Do vespas go up in value?

There are quite a few types of Vespa owners in the world. Some prefer the shine of a new model, while others tend to be older and more vintage. Old Vespas can achieve high resale values at auctions or direct sales. Given the state of conservation and the fact that the model is quite rare, prices can skyrocket for the right people.

I've heard that, since the Vespa has high-quality parts and is an icon for many people, its value doesn't decrease much year after year. From now on, if a friend asks me for advice on buying a first motorcycle that gets his feet wet, a Vespa Sprint 150 may be at the top of my list. I bought a 49cc Vespa Primavera a few months ago because legally I can't drive a 125cc or more until my driver's license is 3 years old (stupid law, by the way), so my plan is to sell it 3 years after buying it to help me buy a 125 cc one. With a fairly high sales price, it's not entirely wrong to think that a Vespa doesn't It will be worth nothing.

From a financial point of view, a Vespa simply isn't worth the money you have to invest, since you can buy a legal highway bike for the same price as a 300 GTS of the best specifications. There are many European series in which these humble-looking scooters participate, and they even take Vespas to off-road races.

Power has announced awards for used vehicles with the highest resale value in the US market and, although its official press release makes no mention of bicycles at all, the leading brand is Vespa Scooters by a wide margin.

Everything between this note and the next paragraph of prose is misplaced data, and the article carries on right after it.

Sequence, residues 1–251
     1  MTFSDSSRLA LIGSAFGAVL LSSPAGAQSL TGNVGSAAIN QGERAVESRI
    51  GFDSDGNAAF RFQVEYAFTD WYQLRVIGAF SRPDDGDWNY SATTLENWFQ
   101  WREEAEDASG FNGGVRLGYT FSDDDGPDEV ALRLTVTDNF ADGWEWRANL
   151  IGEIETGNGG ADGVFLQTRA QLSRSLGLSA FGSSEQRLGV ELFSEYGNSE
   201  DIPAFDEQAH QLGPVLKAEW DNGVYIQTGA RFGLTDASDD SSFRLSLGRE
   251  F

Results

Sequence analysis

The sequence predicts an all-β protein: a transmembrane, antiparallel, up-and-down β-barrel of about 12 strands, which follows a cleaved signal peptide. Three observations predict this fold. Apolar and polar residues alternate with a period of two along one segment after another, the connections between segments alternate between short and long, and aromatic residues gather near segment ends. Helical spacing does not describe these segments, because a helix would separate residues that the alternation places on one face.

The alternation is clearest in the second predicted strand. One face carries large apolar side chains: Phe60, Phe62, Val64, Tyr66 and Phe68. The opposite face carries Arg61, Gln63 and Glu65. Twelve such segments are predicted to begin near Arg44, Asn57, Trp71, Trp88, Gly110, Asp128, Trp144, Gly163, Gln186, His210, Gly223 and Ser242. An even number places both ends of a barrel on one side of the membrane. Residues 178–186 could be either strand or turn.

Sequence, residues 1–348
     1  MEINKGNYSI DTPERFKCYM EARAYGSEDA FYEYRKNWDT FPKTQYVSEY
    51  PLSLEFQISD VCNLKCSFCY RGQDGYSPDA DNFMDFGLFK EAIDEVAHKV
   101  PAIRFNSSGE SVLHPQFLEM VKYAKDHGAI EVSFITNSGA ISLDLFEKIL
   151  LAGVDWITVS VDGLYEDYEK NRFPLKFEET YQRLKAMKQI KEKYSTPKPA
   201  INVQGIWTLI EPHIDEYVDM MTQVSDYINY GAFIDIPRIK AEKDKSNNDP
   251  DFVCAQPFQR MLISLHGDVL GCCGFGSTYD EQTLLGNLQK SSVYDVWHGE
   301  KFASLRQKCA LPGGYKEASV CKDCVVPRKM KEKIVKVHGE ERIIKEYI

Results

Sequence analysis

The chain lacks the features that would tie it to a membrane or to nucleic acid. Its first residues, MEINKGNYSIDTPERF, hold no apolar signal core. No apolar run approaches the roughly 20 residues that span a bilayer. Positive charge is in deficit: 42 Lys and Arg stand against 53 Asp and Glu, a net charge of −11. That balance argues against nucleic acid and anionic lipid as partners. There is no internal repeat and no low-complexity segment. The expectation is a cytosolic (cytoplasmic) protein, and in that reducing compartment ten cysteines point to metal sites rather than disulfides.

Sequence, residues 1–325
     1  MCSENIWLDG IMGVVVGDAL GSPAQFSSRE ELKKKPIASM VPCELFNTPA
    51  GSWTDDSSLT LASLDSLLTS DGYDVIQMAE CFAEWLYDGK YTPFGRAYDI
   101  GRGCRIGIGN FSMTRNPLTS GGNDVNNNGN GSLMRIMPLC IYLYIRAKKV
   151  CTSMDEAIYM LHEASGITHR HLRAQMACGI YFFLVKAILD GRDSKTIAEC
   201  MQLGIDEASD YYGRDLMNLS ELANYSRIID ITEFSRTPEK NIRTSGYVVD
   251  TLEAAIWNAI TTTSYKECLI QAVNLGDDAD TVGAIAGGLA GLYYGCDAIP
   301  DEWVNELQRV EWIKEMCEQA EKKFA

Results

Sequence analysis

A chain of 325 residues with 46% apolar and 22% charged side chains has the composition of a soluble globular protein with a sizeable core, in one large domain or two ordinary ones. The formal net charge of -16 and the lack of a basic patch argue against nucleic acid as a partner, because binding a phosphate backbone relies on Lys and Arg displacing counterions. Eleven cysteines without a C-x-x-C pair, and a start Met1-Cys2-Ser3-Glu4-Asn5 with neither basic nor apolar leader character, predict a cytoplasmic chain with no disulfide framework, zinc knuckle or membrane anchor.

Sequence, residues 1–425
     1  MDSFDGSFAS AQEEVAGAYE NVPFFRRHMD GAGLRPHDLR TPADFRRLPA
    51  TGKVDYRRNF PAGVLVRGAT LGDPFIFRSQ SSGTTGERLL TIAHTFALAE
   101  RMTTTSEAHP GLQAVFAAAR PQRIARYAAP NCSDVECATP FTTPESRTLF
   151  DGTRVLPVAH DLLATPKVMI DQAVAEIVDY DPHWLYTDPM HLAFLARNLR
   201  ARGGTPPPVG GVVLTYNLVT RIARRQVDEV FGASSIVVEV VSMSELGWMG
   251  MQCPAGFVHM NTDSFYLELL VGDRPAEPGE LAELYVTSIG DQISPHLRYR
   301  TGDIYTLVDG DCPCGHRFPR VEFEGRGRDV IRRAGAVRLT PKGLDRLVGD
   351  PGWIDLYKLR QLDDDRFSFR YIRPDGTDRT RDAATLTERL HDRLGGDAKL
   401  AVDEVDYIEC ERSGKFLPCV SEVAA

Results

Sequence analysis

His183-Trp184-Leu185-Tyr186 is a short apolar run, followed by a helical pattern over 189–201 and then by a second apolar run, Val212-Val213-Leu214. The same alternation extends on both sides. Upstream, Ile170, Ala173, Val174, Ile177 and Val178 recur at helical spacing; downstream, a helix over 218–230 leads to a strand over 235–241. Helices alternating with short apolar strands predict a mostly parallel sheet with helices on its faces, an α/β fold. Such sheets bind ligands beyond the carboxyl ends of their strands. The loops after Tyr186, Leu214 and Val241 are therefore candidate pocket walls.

In fact, you can feel the stiffness of the Vespa chassis from the moment you sit on it and start pedaling. Some die-hard Vespa fans will argue that the model can reach highway speeds quite easily with plenty of space, even if that's not yet allowed.

A model released about 10 years ago looks very similar to a modern Vespa from the dealership. In the US market, the Vespa currently represents 20% of the market for new scooters, but it is not yet a large number of units compared to the avalanche of used Honda and Yamaha scooters that have been on the roads for the past 30 years. If you already have a big motorcycle that's legal on motorways, it makes a lot of sense to have a Vespa in the garage for times when you don't feel like carrying a huge motorcycle in the middle of traffic. For such an elegant scooter, you'd think it would perform poorly, but that's not the case with the Vespa. The low-volume Porsche 911 retains less than 60% of its value after three years, but on average a Vespa keeps 72%, according to the New York Times.

However, the good thing about driving a Vespa is that a regular denim jacket will do most of the time. With more metal in the body, a Vespa that falls in a parking lot only gets a scratch or a blow, and not a broken, cracked plastic.

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